13th August 2011
- Last weekend (5-6 August 2011) Auckland celebrated the long-awaited opening of the new Wynyard Quarter, the most attractively positioned post-industrial emerging public space of our city. For a long time the beautiful Wai-te-mata, the sea of black obsidian, has washed up against the vertical poles of marine sub-structure to a farm of tanks, which have been haphazardly leaking toxic petroleum waste in spurts, spills and drips into our lovely harbour. As history observes, when the petrodollars walk away, the collective starts dreaming into new spaces of possibility.
- The Tank Farm had the waterfront seat …it still has, but the latest development, as the first stage in more to come, shows that the Auckland public are keen to absorb this once off-limits prized piece of urban real estate which has been sensitively refabricated.
On the opening weekend the Whero bridge is like a floodgate that opens, and streams of Aucklanders find their way into this new waterscape, bringing it to life, just in the way a stream finds a new path to the ocean.
- A cafe strip of new low-key buildings keep the port history alive and palpable, one shed is clad in recycled timber, while another has painted its big wooden sliding doors red, there’s the requisite new eco-tech green wall in one space, the information centre is a tower of recycled containers, and there is storm water remediation ponds that will one day be lush stems of wetland, a living piece of new micro-infrastructure. The architectural details are subdued, intelligent, applied, unpretentious, quirky. It’s still Auckland but in a different key.
- Up on the new gantry form, one can gaze across the tank farm and see the other silo architecture, rusty stairwells, and bridges that give the maintenance personnel, precarious paths around the sea of cylinders, with sudden peeks of some of the finest views of Auckland. Here up above the tanks you can spin around and take in another 360 of the city, that is right-up-close and personal with the sub-natural zone of the industrial silo field and glimpse the sea beyond. On the gantry, I think of the canopy walkway in Kew Gardens that allows people to walk along at the upper reaches of the forest where you can look across London and see Richmond Hill or beyond.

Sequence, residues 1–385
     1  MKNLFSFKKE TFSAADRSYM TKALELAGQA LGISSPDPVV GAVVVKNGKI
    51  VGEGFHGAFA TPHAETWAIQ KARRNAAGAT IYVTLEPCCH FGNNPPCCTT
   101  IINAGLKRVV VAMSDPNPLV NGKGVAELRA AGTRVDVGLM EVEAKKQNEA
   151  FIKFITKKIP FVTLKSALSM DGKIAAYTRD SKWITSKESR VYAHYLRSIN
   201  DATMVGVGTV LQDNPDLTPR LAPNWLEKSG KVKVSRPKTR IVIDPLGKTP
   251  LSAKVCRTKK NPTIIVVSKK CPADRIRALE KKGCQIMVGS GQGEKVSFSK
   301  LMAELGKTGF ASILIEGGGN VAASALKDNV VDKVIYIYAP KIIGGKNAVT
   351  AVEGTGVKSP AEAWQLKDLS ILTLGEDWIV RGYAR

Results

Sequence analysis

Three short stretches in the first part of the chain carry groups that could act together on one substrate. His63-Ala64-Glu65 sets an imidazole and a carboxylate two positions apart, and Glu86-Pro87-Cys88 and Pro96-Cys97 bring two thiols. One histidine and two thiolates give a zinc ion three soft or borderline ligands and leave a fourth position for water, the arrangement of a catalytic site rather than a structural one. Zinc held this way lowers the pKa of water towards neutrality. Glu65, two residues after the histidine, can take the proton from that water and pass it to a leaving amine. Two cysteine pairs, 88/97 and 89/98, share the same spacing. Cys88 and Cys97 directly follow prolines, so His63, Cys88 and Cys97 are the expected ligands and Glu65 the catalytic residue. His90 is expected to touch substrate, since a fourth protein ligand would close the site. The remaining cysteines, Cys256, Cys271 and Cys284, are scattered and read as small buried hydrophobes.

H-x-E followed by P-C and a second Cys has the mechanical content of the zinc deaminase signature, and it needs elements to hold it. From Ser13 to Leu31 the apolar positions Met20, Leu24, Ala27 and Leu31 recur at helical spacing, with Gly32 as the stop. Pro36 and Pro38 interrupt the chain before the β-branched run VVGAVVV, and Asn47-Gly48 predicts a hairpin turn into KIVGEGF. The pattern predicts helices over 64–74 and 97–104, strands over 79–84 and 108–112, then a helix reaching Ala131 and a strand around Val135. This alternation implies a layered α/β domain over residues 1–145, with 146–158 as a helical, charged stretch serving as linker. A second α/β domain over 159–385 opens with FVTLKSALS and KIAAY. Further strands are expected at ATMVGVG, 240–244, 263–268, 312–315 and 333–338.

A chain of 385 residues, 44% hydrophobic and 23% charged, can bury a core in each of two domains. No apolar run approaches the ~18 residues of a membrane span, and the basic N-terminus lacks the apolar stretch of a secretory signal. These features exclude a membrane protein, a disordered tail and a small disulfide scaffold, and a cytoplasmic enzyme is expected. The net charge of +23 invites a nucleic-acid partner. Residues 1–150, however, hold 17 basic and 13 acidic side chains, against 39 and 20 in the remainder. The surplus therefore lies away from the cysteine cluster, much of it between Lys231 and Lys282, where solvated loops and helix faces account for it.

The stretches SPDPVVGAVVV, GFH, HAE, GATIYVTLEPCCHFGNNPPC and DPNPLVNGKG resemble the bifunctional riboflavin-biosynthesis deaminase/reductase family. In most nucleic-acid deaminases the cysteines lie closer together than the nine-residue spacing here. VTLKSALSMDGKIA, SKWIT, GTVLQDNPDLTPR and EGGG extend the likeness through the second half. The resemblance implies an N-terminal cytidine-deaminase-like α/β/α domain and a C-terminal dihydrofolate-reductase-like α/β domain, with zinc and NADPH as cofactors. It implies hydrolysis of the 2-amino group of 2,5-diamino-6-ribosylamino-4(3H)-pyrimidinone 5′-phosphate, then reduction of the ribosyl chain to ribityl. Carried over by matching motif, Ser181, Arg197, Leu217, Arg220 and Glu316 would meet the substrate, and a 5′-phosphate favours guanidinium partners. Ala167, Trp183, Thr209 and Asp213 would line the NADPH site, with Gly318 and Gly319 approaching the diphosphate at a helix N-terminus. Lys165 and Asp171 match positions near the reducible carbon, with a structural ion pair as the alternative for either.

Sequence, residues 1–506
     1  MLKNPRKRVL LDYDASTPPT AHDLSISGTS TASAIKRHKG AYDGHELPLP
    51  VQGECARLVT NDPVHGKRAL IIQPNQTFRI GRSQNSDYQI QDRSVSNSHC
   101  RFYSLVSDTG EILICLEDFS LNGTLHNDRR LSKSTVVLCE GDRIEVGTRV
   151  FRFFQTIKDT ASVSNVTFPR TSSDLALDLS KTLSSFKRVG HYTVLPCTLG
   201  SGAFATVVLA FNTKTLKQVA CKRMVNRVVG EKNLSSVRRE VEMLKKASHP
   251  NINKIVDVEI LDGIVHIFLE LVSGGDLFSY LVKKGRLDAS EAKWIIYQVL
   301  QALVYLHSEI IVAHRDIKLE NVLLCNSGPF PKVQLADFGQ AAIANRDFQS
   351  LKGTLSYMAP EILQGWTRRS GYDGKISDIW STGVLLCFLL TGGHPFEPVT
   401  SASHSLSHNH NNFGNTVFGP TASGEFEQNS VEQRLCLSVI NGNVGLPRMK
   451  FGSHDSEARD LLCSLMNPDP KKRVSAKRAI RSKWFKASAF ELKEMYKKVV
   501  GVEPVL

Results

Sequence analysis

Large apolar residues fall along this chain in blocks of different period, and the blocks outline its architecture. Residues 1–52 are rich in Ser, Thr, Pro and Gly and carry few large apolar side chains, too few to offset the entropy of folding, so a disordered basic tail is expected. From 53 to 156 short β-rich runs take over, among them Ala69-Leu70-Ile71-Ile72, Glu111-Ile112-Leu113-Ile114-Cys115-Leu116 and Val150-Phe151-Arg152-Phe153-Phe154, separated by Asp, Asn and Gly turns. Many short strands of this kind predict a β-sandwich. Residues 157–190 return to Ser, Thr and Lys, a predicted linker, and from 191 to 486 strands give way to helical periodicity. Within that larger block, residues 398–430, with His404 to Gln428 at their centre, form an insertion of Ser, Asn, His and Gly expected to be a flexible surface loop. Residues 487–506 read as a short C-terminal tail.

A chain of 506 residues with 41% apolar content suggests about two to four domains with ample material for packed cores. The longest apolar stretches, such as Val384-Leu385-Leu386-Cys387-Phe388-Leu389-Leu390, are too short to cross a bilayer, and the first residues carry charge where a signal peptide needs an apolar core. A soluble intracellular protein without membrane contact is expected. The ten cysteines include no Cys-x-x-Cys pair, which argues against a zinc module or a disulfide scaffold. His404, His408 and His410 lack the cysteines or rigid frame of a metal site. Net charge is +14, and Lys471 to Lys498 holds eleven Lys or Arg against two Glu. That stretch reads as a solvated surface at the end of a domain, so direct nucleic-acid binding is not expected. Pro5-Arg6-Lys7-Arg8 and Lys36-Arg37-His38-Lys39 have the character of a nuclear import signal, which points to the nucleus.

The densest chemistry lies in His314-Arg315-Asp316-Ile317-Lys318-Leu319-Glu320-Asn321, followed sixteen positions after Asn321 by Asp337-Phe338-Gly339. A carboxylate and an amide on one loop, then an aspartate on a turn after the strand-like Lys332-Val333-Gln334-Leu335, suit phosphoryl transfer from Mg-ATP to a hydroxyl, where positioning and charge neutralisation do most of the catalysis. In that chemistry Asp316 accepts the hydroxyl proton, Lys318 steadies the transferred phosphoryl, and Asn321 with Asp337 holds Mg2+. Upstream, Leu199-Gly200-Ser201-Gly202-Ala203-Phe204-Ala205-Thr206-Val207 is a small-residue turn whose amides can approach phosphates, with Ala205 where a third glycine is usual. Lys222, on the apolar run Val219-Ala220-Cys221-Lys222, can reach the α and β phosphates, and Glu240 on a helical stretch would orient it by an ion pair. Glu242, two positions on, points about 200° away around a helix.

- Last weekend there was a young man, in a wheel chair, who came from Browns Bay on his own, and found his way to the glass lift which lifted him off ground level, so he could take advantage of this new vista that has just been gifted to the people of Auckland. Down below the children’s playground is swarming, the reinstalled wind tree is swaying in its nodding fashion, and just beyond a small grove of pohutukawa look like they have been there all along. There’s a piano in a small forest and some anonymous virtuoso has slipped onto the stool, and the crowd is besotted and collecting around him like moths. This car-free space is so warmly covered in people. Below there are trams that do a quaint circuit, but those metal grooves also could yield a greater link to something more connective one day. In contemporary urban renewal the circuitry of the city is the new organising order. We understand not only from all the research on urban flows but also from chaos theory that attractors, the projects that emerge in the former infrastructure, must be trajectories rather than just destinations. A destination on an extremity is harder to sustain…..For many of us who don’t live inner city, we want to get back to this newly liberated public space, but it maybe just beyond reach. I hope not, but that’s the theory….unless of course those tram lines become the organising network for the new city…and we find our way back there in Silo Park, not just as weekend tourists, but on our way mid-week to choir practice, to violin lessons, or to buy fish, or hear someone talk, or sing, so that somehow we pass through again, this new, raw-rustic-industrial, post-petrodollar open space miracle, of the new Wynyard Quarter.